---R. P., by e-mail from Houston, Texas
A. First let me make an important distinction. I advocate passive investing using index funds. The Vanguard 500 Index fund pioneered this trend for individual investors in 1976. I write about other index investments, including Exchange Traded Index Funds, regularly.
There's a reason the equal weighted S&P 500 index does better than the cap weighted index: it distributes investment money equally to all 500 stocks. The consequence is much greater investment in the smaller companies in the index. This means more money is invested in stocks with faster growth. It also means more money is committed to stocks likely to be acquired by the larger companies on the list.
There is a difference between reporting the performance of an index and reporting the performance of a fund designed to track an index. While there are now hundreds of conventional (capitalization weighted) index funds, there is only one equal weighted index fund. It is the Rydex S&P Equal Weight ETF.
The fund, ticker RSP, was launched in May, 2003. It currently has about $277 million in assets. According to the MSN MoneyCentral website, it has provided a total return of 41 percent since then. The iShares S&P 500 ETF has provided a total return of 28 percent over the same period. The Rydex ETF has an annual expense ratio of 0.40 percent.
Many investment advisors use conventional index investments to achieve broader diversification into mid and small cap stocks. The iShares Russell 3000 ETF, for instance, provided a total return of 31 percent over that period. The iShares Russell 2000 ETF provided a total return of 51 percent.
There may be a reason there is only one equal weighted index fund but I have never seen the subject discussed in research. My speculation--- and it is just that--- is that an equal weighted index fund is more difficult to manage than a capitalization weighted fund. General Electric, the largest company on the S&P list, had a market cap of $311 billion at the end of 2003. That's more than 300 times as large as the smallest company on the list. Given the difference in the liquidity of the small stocks vs. the larger stocks, there would probably be a lot more "tracking error" in an equal weighted index fund than in a cap weighted index fund.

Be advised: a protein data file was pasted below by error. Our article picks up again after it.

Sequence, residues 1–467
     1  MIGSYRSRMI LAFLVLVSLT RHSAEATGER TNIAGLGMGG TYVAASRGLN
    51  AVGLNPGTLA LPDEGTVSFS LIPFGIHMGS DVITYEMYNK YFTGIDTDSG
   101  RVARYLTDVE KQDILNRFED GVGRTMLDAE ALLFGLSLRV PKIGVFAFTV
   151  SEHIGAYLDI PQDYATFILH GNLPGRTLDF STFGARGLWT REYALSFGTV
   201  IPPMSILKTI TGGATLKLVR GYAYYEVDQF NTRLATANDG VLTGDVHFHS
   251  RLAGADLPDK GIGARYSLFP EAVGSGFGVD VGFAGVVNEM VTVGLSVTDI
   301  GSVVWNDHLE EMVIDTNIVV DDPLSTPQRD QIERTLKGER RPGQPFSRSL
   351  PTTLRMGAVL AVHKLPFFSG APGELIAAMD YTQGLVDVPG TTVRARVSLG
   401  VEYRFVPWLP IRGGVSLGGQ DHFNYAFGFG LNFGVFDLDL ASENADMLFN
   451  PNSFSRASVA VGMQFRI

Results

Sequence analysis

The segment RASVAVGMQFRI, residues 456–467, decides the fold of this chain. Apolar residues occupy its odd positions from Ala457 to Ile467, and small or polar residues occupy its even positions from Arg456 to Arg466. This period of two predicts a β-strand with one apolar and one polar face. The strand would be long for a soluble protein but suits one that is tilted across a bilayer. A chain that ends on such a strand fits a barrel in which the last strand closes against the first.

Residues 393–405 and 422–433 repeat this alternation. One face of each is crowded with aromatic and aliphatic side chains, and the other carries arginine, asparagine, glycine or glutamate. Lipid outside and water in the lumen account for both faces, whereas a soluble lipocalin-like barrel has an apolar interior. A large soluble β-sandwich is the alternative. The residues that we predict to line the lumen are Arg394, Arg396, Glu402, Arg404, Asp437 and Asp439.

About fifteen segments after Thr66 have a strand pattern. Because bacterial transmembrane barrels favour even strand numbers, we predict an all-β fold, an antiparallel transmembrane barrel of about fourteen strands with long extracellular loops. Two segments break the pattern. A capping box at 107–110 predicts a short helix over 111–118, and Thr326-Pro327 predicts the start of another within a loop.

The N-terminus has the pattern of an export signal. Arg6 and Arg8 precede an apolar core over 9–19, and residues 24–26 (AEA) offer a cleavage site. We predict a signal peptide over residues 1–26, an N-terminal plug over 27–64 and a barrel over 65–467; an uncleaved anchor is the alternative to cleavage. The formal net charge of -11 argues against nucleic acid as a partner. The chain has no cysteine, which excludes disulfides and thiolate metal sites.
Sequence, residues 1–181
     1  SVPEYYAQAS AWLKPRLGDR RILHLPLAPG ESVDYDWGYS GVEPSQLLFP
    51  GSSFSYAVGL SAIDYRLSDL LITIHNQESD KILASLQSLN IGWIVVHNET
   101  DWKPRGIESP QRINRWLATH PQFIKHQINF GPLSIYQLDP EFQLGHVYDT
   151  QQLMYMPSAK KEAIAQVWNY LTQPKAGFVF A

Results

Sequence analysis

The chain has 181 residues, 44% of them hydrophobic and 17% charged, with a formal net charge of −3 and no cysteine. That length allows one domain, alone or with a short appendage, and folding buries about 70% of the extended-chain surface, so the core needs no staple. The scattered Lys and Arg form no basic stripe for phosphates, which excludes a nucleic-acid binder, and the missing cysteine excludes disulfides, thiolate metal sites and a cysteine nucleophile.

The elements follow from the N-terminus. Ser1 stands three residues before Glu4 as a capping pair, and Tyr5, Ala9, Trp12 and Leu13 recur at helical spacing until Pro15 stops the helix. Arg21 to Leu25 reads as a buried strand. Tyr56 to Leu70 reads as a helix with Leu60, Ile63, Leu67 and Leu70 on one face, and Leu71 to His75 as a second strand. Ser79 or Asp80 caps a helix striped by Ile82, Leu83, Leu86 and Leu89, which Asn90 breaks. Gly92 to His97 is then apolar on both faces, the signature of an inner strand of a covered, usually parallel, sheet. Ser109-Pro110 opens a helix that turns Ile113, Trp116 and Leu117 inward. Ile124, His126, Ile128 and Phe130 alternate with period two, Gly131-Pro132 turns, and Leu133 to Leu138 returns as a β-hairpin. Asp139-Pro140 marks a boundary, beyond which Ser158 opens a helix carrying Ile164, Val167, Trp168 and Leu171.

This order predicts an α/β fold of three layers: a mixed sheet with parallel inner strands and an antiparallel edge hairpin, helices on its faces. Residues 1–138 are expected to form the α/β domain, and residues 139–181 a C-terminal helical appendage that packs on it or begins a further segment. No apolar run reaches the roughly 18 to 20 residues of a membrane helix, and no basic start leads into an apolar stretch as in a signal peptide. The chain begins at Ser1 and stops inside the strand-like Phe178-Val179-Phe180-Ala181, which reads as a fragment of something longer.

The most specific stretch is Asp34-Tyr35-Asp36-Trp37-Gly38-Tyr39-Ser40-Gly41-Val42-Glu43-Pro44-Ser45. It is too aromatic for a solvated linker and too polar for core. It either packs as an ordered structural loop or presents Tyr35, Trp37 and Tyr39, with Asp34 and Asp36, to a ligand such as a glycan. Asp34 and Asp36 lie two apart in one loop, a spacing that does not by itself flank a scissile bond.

Q. My mother has just turned 91. She needs more income. She has a stock portfolio with a total value of $1,621,406 with about $1.2 million in equities and $400,000 in American Funds Washington Mutual. The problem is she only gets about $3,000 a month from all this. She needs to double it. About half of the money she has in individual equities is in Bank of America and Janus Capital Group shares, neither of which seems to be doing much and which I think might be better invested.
Can you make some suggestions that would give her a higher monthly income?
---B.W., by e-mail
A. Your mother's dividend return from her investments calculates to about 2.2 percent. That's pretty good these days. It would probably be lower without that big slug of Bank of America stock, which yields 3.9 percent.
There are several things you can do. One is to simply liquidate $3,000 of assets each month. Let her spend the money. It will raise her withdrawal rate to 4.4 percent. She will not run out of money. Indeed, her estate will probably continue to grow.
I'd sell the Janus Capital Group shares first since they pay no dividends and the group has suffered significant outflows of client assets.
Before making any major changes you need to examine the portfolio for unrealized capital gains, which are probably quite large. Remember, these tax liabilities disappear at death but would be realized in any big-time selling purge.
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